Why It Works
- The broiler provides an intense blast of heat, enough to quickly brown the surface before the interior of the fish overcooks.
- The mayonnaise acts as an insulating layer, keeping the fish underneath even more tender and moist.
Baked salmon offers an easy and convenient way to cook the fish, but, more often than not broiling is your best option—it promises a more intensely browned surface while leaving the center of the salmon tender and juicy. This recipe coats the fish in a thin layer of flavorful mayonnaise seasoned with harissa chili paste and fresh lime, and works with either individual portions of fish or a large party-size fillet.
- 1 cup mayonnaise (235ml)
- 2 tablespoons harissa chili paste (30ml), plus more if desired
- Finely grated zest of 2 limes plus 2 teaspoons fresh lime juice (10ml)
- 1/2 teaspoon ground coriander seed
- 2 pounds boneless center-cut salmon fillet (900g), with or without skin and either whole or divided into individual portions (see note)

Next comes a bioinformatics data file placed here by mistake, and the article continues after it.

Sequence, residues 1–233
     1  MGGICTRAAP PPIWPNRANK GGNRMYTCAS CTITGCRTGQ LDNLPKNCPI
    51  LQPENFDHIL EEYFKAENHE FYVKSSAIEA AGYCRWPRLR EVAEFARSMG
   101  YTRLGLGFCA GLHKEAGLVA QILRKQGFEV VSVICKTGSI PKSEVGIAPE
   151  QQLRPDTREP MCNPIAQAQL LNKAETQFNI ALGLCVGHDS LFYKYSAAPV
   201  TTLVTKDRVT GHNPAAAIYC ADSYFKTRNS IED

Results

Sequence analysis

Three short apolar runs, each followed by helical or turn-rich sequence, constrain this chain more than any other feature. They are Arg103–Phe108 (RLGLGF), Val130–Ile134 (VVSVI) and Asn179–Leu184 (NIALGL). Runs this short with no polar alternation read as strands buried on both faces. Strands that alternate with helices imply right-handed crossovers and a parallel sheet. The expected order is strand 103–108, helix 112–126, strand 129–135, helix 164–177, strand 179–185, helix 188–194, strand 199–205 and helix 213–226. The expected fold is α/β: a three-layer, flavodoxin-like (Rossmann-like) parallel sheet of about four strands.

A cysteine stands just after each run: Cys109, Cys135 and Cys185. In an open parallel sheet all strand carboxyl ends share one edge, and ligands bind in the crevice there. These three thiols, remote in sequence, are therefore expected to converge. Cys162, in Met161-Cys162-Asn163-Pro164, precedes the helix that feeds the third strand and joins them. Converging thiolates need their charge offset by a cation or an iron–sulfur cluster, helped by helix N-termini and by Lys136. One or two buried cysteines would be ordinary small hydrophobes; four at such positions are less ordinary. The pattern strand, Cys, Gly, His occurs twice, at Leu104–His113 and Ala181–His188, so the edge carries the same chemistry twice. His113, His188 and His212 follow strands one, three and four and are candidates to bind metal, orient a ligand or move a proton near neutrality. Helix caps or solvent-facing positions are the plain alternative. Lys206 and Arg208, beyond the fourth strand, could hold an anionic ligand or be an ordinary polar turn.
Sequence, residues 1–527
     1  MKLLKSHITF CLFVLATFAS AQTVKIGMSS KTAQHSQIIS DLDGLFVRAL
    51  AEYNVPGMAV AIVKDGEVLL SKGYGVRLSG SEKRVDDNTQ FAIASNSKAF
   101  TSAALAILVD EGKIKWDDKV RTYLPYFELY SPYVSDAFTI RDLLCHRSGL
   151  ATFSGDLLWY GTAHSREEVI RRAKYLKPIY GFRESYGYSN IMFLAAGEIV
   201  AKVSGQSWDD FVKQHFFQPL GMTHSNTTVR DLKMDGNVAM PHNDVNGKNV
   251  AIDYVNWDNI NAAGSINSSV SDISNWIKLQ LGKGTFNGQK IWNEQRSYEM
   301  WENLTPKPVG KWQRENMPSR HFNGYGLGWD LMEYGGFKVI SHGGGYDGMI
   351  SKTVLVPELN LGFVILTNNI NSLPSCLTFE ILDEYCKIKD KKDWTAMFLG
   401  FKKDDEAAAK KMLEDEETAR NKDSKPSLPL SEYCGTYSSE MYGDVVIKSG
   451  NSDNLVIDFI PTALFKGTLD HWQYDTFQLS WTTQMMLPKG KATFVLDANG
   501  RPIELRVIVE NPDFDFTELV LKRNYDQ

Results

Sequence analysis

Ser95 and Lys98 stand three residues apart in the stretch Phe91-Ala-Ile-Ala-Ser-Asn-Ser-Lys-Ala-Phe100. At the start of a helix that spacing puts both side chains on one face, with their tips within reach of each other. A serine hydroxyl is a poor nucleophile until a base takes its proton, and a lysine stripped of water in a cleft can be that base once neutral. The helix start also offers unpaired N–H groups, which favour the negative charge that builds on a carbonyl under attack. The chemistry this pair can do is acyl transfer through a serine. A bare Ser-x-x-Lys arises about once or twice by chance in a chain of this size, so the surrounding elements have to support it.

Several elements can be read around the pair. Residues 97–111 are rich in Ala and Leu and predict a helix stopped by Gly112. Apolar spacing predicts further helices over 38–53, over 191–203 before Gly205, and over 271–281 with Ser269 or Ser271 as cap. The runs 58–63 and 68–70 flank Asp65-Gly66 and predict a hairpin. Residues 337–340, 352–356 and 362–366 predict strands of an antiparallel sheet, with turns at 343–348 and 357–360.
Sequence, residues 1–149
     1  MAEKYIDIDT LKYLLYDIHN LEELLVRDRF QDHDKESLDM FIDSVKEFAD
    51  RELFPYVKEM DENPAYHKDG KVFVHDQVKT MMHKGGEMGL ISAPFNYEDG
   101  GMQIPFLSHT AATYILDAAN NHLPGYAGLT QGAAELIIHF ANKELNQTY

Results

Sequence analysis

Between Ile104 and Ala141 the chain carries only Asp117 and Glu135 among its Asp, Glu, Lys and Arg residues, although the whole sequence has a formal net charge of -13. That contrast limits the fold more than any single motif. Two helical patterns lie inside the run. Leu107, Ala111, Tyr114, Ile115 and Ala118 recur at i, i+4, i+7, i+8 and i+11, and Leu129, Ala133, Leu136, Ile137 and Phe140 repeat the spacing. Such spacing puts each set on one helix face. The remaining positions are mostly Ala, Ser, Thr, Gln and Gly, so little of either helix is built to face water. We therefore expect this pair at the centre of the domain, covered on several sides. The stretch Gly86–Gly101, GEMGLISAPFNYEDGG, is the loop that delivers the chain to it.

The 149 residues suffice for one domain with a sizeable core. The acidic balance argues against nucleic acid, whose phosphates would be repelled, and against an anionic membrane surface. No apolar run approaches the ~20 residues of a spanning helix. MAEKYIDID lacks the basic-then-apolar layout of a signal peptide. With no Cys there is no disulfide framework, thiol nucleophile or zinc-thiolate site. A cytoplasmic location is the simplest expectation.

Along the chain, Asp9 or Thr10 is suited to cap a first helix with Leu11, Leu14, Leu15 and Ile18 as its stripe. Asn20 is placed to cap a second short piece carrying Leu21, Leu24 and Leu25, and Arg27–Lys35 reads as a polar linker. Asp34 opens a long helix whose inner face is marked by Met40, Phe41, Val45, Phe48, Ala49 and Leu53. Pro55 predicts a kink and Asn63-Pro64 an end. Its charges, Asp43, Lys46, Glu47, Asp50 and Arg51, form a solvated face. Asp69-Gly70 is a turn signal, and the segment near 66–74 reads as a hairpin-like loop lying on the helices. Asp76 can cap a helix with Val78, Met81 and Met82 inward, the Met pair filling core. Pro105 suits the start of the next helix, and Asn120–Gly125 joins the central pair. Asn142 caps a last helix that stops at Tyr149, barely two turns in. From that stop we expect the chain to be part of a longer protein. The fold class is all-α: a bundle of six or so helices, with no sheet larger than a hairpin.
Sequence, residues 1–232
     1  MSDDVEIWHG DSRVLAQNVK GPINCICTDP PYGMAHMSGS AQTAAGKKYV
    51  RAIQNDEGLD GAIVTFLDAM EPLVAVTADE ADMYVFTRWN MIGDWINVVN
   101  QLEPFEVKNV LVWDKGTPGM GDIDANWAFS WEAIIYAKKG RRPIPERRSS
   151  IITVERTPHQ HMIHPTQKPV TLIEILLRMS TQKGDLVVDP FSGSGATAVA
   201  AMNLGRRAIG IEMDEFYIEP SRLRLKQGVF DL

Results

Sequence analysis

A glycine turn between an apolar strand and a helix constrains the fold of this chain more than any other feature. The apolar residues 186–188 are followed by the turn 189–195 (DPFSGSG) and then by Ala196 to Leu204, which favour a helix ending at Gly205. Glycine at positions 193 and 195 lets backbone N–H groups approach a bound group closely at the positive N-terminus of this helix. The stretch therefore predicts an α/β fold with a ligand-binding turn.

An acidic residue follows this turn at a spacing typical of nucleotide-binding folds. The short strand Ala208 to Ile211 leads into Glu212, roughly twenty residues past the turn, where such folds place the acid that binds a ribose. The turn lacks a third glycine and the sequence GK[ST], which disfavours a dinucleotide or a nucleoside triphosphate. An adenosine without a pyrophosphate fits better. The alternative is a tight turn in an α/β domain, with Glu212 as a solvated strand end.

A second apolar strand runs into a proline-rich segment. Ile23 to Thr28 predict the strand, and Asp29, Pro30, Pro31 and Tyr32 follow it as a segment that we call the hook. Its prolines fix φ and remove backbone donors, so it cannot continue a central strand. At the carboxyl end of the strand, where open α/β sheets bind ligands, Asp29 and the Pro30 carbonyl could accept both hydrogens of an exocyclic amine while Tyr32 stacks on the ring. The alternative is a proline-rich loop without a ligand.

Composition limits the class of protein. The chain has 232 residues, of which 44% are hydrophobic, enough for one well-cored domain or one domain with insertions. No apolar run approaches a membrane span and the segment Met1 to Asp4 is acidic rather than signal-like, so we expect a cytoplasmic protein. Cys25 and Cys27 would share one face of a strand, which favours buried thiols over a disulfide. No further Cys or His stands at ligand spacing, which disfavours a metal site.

- Kosher salt and freshly ground black pepper
Preheat broiler and set oven rack to about 6 inches below broiler element. Meanwhile, in a small bowl, stir together mayonnaise, harissa, lime zest and juice, and coriander seed. Season with salt and pepper; feel free to adjust flavor and heat level by adding more harissa, if desired.
Line a rimmed baking sheet with aluminum foil. Lightly season salmon all over with salt and pepper. Set salmon on prepared baking sheet and rub a thin, even layer of harissa mayo all over the surface and sides.
Broil salmon until browned on top and the center registers 115 to 125°F for medium-rare to medium, respectively, about 5 minutes; it can help to keep the oven door cracked while salmon is cooking to prevent the broiler from cycling on and off (though not all ovens function this way). If salmon becomes well browned on top before it is cooked enough in the center, switch off the broiler and set the oven to 425°F, then continue cooking until done (this shouldn't take more than 1 to 2 minutes longer).
Transfer salmon to plates or a platter and serve.
Rimmed baking sheet, aluminum foil
You can make this recipe with salmon that's already been portioned into individual servings, or a larger fillet for a party or large gathering (just keep in mind that once cooked,
a large piece of salmon won't cut cleanly). This recipe works equally well with skin-on and skinned salmon.